Bishop McKenna's St Patrick's Day Message
St Patrick’s remarkable story is not just for those who claim Irish heritage. He is one of the great figures in the history of the Church. His story tells us what it means to become a Christian: and that the power contained in the message we preach is a person: Jesus Christ.
Patrick was born at the end of the fifth century, on the outskirts of the Roman Empire, somewhere in western Britain. Although he was the son of a deacon and the grandson of a priest, as a teenager Patrick was superficial in his faith and careless in his prayers. When he was about 16, he was captured by raiders and sold into slavery in Ireland. During the six years of his captivity, having lost everything, he discovered that he had not lost God. He came to a new knowledge of God’s love and closeness to him.
Then, after a perilous escape, safely home again with his family, he heard the people of Ireland calling him back. So he set off on a new hard road to be ordained and commissioned to return there and preach the Gospel. The rest is history – mixed in with a few legends!
Here are two lessons from Patrick’s life that are worth thinking about today:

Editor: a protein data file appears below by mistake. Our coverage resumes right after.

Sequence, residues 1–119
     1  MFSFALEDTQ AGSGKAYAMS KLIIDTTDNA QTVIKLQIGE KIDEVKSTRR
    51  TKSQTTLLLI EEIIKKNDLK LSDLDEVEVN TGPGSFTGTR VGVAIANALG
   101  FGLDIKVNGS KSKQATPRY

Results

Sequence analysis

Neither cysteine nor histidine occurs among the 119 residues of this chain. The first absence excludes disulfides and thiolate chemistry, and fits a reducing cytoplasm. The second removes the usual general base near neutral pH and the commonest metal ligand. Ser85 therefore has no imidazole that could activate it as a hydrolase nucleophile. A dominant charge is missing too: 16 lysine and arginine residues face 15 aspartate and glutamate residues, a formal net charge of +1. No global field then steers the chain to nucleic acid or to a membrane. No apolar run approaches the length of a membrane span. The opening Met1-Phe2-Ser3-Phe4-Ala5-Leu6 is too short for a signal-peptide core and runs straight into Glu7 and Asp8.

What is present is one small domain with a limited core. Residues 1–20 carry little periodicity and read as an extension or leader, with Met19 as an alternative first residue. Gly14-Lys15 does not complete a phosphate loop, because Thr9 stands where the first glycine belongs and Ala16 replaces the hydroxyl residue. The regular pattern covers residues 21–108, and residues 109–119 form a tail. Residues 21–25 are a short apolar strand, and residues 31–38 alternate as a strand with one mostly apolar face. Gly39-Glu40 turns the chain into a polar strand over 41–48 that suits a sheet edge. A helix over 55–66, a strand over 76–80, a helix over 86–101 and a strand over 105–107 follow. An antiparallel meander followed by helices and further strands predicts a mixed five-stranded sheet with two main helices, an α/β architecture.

The first is from his own reflections. He saw his experience of exile like that of the chosen people. At home they were thoughtless of God and unfaithful. Only in exile and deprivation did they discover faith.
The second is a comparison that we can take from remembering history. In Patrick’s lifetime, the proud, well-organised Roman Empire had begun to fall apart and descend into chaos. It was nominally Christian, but, like the young Patrick, superficial in faith and careless in prayer. On the other hand, pagan Ireland, afflicted with fears and superstitions, mistrust and strife, heard the Gospel from Patrick and those who followed him and began to discover peace.
St Patrick, slave and exile, Christian and missionary, patron of the Diocese of Bathurst, pray for us today.
Bishop of Bathurst